Government has never been more difficult. The demands have never been greater. Huge skill and great leadership are required against a backdrop of enormous complexity, the snowballing rush of populism and the thump of nasty nationalist authoritarianism.
Context and history are everything. The interconnected global challenges of security, employment, social fragility and inequality and of the threat posed by climate change have deep historical roots that need to be understood if those charged with governing are to navigate a safe pathway out of the crisis humanity faces.
Governments need to assess whether they have the skill set, as well as the right structures, to contend with the wicked problems they face, and to act fast to ensure they stand the best chance of equipping those in public service with the capabilities needed.
At a time when a fiscal crunch is squeezing the public service wage bill of South Africa, and arguments in favour of cutting the number of public servants in an allegedly “bloated” public service are not easy to counter, it is worth pausing to reflect on the question of whether it is not the numbers that are wrong but the skills and deployment, as well as the structure of the employer — the state.
I am reliably informed, for example, that, per capita, South Africa employs a relatively modest number of public servants — three for every 100 citizens — when compared with a range of countries as diverse as Botswana (six) and Norway (15).
Surely it is what public servants do and how well they do it that should be the determining factor in deciding whether the state’s human resource capacity is too big or too small. As Albert Einstein is credited with observing: “Not everything that counts can be counted, and not everything that can be counted counts.”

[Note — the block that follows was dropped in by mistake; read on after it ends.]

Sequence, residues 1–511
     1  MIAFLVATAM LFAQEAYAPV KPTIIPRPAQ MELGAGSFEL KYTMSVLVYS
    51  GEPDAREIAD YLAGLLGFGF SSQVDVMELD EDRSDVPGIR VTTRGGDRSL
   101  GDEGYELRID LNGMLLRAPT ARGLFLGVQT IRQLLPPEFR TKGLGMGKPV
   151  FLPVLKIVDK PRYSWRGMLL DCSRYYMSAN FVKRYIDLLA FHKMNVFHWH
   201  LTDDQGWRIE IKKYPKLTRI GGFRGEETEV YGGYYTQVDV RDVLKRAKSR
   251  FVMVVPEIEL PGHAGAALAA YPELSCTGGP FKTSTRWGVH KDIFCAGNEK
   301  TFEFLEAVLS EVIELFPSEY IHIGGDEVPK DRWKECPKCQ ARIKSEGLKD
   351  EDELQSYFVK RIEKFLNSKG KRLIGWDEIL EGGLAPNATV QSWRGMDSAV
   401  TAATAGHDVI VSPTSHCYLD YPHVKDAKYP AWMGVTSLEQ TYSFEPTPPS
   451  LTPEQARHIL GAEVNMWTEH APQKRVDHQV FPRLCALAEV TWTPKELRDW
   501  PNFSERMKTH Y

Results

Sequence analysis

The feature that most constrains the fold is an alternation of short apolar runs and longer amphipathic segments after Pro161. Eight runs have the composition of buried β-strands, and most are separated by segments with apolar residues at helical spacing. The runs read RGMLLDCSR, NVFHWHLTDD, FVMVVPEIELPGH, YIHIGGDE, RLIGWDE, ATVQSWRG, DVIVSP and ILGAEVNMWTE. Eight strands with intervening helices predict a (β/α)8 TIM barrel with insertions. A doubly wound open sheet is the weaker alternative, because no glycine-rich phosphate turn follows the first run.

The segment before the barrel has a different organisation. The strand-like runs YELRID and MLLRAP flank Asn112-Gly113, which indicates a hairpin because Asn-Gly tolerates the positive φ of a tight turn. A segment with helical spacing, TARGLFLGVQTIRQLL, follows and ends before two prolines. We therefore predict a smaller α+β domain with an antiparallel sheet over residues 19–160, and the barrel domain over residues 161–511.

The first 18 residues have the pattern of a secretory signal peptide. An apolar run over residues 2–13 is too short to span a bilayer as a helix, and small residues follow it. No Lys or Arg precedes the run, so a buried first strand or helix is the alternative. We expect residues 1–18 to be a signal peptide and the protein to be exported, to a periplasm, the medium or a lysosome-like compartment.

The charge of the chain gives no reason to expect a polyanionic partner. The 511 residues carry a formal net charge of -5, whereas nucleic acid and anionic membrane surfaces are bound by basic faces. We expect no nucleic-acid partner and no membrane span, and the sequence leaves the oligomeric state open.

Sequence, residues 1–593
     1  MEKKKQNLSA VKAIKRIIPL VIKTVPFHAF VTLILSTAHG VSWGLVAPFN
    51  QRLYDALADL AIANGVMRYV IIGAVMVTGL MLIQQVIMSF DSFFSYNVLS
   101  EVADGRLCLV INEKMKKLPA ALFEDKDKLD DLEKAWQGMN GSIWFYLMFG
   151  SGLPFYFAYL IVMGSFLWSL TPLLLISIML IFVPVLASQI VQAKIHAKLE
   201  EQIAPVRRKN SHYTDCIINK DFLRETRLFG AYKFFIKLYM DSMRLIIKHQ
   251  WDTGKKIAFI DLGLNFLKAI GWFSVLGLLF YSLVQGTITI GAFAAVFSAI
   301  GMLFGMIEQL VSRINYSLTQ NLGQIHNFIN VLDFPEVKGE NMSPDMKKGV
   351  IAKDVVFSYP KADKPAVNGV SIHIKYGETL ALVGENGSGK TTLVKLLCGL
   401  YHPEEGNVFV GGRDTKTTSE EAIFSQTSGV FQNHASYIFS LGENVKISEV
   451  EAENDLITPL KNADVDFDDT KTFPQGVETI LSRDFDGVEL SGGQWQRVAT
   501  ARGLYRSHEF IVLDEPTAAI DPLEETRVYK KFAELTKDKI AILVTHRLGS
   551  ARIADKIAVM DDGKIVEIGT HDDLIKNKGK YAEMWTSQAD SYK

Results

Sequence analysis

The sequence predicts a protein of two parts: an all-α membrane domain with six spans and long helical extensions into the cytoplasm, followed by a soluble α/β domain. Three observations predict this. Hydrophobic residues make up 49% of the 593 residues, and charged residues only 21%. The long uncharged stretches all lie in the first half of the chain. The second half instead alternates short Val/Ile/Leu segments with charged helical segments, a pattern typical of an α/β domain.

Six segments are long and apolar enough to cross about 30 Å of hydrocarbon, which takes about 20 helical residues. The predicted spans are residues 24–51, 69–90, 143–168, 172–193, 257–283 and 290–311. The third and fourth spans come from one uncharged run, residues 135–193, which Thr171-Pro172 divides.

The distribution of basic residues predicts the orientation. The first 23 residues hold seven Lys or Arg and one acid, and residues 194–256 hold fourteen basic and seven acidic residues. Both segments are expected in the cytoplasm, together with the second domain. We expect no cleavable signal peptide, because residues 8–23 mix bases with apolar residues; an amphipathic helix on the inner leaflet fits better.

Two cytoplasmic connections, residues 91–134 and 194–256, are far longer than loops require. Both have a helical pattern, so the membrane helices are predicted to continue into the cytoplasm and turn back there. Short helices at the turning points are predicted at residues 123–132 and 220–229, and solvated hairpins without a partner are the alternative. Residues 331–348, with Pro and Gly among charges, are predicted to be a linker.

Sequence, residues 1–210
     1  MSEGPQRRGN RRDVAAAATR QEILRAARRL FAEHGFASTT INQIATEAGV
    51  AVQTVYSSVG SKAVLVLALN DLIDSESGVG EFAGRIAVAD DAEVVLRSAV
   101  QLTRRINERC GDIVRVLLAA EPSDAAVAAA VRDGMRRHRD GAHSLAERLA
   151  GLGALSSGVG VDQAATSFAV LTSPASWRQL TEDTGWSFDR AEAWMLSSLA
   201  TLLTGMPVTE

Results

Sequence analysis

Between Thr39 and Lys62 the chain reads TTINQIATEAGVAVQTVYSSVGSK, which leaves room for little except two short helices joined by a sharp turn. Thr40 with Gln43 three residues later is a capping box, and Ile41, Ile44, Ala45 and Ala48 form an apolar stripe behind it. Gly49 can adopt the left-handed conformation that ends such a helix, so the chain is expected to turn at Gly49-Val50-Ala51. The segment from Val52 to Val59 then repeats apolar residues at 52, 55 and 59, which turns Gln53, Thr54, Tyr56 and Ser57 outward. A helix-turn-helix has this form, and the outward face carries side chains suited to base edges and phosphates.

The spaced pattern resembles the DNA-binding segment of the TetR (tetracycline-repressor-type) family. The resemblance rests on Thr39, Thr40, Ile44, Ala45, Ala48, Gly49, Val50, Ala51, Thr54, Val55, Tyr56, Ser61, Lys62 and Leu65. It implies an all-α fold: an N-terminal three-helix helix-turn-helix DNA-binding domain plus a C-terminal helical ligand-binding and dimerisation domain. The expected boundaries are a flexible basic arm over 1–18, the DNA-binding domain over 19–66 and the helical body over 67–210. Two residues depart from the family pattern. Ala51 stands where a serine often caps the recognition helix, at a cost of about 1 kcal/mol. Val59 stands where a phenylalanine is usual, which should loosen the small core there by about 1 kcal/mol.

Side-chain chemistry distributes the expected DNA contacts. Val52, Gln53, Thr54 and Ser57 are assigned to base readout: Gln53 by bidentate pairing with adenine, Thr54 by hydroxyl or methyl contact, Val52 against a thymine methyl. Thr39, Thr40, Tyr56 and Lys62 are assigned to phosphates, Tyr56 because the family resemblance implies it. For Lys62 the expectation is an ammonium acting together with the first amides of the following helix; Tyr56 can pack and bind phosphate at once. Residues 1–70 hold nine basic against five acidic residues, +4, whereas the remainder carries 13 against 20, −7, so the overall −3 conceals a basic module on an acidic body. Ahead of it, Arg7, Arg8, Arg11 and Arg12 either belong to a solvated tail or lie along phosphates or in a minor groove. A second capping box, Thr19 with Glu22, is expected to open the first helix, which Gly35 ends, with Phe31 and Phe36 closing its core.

So, as South Africa approaches the quarter-century point in its history as a democratic nation, it is worth recognising that a great deal has changed since 1994, and the question that needs to be asked is: Is the public service fit for purpose?
Take the international relations sector of government: it represents a microcosm of the bigger picture.
In 1994, the world seemed a relatively benign, sleepily complacent place. Liberal democracy had ostensibly “won” the Cold War; it was, to use political scientist Francis Fukuyama’s phrase, the “end of history” and, according to academic Samuel Huntington’s thesis, a third wave of democracy was washing across the globe. Almost 25 years later, four main catalysts of profound geopolitical change now drive international relations.
First, since 9/11 the security agenda has shifted substantially, as new risks from non-state terrorist groups became evident, throwing the old rule book on state security out of the window and adding a further layer of fraught complexity to issues of cultural identity and diversity, as well as to policy-making on immigration and refugees.